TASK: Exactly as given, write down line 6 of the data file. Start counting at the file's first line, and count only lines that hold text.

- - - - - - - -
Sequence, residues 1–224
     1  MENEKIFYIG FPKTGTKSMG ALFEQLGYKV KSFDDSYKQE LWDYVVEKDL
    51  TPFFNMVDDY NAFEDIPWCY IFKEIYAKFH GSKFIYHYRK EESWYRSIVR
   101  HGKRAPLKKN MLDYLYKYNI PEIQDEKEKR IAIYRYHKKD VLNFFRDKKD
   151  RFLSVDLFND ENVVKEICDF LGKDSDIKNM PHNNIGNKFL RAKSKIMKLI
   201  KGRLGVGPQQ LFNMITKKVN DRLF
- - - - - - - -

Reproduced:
   201  KGRLGVGPQQ LFNMITKKVN DRLF